A month later, we went to Hongkong to meet with a DAN doctor who helped us get started with Ethan's biomedical and dietary intervention. If we were to help Ethan, Edward and I felt that we should address the behavioral and biomedical issues related to autism to ensure success. We felt we owed it to Ethan to explore every possible treatment available to help him recover. The DAN doctor told us that along with the ABA therapy, Ethan's biomedical interventions will put him on a faster track to recovery.

Ethan's first day of ABA was on June 28, 2004. I remember how frustrating the first session went. Ethan practically cried for the first two hours. I thought he could have cried longer had he not exhausted his energy from all that kicking, screaming, and running away. As the days rolled by, Ethan behaved better. For that alone, living with a child with autism seem to be more bearable.

However, Ethan's lack of expressive communication was still a very deep concern for everyone in the family (especially his grandparents). So, in the summer of 2005, I flew to Canada and the United States to attend a couple of workshops on Verbal Behavior spearheaded by Dr. Vince Carbone.

When I came back home, I was very eager to share what I learned from the workshops. I was ecstatic that the staff was excited to incorporate Verbal Behavior in Ethan's program. I have been blessed to work with a team that was very supportive in my endeavors to strengthen my son's program.

Ethan recently turned 4 years old. He knows all the uppercase and lowercase alphabets. He knows his numbers from 1- 20. He easily identifies all the shapes, colors, body parts and animal sounds. He has about 300+ receptive vocabulary. He knows the concept of opposites. His fine motor skills have dramatically improved to indicate that he now has the ability to concentrate on tasks. He feeds himself during mealtimes with great scooping control. Our greatest achievement by far is that Ethan can now sight read common words. But, Ethan is still a work in progress. He still has very limited expressive language. Most of his words are just approximations. His social skills need to be addressed. But there's no denying that he's had a major leap in his cognitive skills. A year and a half ago, he was a boy who didn't know any nursery song. Fast forward to today, Ethan can fill in words to some of his favorite songs. The point is, there is light at the end of the tunnel. The tunnel might be long and winding, but that light is a guide for me to persevere more for my son.

The year 2005 has been good to Ethan. Ethan got a coveted slot at International Montessori School, a school with a well-established inclusion program. The directress, Ms. Judith Gonzalez is very supportive with Ethan's dietary and biomedical intervention. She has been an answered prayer to a mother like me. The icing on the cake is that the school uses ABA techniques during Ethan's pull out sessions with his SPED teacher. Ethan's socialization skills practically blossomed overnight. He now enjoys being around other children. A far cry from several months ago when he opted to be left alone and showed no interest to be part of a group.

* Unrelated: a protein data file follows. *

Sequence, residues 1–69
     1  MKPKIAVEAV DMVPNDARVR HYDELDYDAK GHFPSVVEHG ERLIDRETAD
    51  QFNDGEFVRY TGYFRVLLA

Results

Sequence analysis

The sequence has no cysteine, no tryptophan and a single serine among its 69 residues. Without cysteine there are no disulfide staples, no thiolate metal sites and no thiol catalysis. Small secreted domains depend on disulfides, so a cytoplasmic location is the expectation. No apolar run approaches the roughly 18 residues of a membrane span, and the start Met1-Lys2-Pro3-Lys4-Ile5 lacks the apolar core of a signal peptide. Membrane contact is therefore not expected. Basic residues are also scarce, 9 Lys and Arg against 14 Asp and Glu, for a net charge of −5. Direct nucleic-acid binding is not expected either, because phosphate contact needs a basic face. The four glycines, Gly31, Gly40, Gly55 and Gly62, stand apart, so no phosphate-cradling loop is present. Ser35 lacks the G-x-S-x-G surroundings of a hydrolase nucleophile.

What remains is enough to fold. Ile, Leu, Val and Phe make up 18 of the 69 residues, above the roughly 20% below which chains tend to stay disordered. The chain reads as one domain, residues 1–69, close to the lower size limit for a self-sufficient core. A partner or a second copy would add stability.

I am often asked what keeps me going despite the fact that my son has autism. The answer is simple, I have fully accepted Ethan's condition but I also haven't given up hope that I will recover him. Don't be afraid to tell people that your child has autism.

Upon confirming that Ethan was in the Autism Spectrum, I was afraid that my friends would pull away from me. Believe it or not, I never felt more loved and more understood by the people I cared about the most after I revealed Ethan's condition to them. Also, it's important to study. The best way to fight autism is to face it head on with courage, conviction and research. Nobody has all the answers to your child's condition. Parents are in the best position to decide what they feel is best for their children. I am currently doing some volunteer work for the Generation Rescue group. I also moderate an online support group for Filipino families affected by autism. Every week, I receive several emails from parents from here and abroad who wish to learn more about helping their children. Nothing excites me more than reading emails from parents inquiring about autism and recovery.

Yes, Ethan is a special child. He has made significant steps but he is still on the proverbial long road to recovery. Every now and then, my six year old daughter innocently assures me that "Ethan is on the road to recovery but there's just traffic, Mom." I still hope that Ethan will attend a good University, borrow my car to go on dates and get married someday. Edward still hopes that his little boy will be a world-class athlete. Yes, we still have high hopes for him and we will never give up until we find the solution.

They say that God gives special children to special people. We truly believe that parents of special children are some of the greatest caregivers in the world, the uber parents as they say. It's a tough honor, but it surely is worth living up to. Every child with autism deserves nothing less."

See also related posts :
Autism: A gift of hope, courage and inspiration
Autism - Checking for Symptons
Light at the end of the tunnel
Autism : Brief List of Where to Begin
Autism (part 2): Signs of Autism
Raising a Child with ADHD
Autism Resources for English speakers in Hong Kong